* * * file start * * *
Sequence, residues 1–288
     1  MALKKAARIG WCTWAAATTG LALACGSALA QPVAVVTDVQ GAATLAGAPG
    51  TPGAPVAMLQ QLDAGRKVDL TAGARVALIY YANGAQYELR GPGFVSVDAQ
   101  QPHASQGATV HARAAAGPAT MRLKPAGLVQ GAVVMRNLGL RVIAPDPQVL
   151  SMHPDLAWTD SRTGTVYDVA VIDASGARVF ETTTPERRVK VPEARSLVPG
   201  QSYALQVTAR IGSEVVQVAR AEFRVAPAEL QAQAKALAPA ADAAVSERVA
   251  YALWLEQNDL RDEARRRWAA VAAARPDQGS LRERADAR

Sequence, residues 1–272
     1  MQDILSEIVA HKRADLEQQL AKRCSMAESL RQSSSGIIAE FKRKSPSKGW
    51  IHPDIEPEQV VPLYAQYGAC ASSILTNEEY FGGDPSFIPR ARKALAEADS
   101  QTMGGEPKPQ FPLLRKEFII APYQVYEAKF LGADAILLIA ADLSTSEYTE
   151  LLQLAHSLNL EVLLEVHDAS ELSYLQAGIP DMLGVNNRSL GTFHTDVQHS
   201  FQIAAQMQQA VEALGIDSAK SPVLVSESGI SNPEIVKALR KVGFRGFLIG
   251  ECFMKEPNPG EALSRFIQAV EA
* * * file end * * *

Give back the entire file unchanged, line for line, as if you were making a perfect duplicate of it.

Sequence, residues 1–288
     1  MALKKAARIG WCTWAAATTG LALACGSALA QPVAVVTDVQ GAATLAGAPG
    51  TPGAPVAMLQ QLDAGRKVDL TAGARVALIY YANGAQYELR GPGFVSVDAQ
   101  QPHASQGATV HARAAAGPAT MRLKPAGLVQ GAVVMRNLGL RVIAPDPQVL
   151  SMHPDLAWTD SRTGTVYDVA VIDASGARVF ETTTPERRVK VPEARSLVPG
   201  QSYALQVTAR IGSEVVQVAR AEFRVAPAEL QAQAKALAPA ADAAVSERVA
   251  YALWLEQNDL RDEARRRWAA VAAARPDQGS LRERADAR

Sequence, residues 1–272
     1  MQDILSEIVA HKRADLEQQL AKRCSMAESL RQSSSGIIAE FKRKSPSKGW
    51  IHPDIEPEQV VPLYAQYGAC ASSILTNEEY FGGDPSFIPR ARKALAEADS
   101  QTMGGEPKPQ FPLLRKEFII APYQVYEAKF LGADAILLIA ADLSTSEYTE
   151  LLQLAHSLNL EVLLEVHDAS ELSYLQAGIP DMLGVNNRSL GTFHTDVQHS
   201  FQIAAQMQQA VEALGIDSAK SPVLVSESGI SNPEIVKALR KVGFRGFLIG
   251  ECFMKEPNPG EALSRFIQAV EA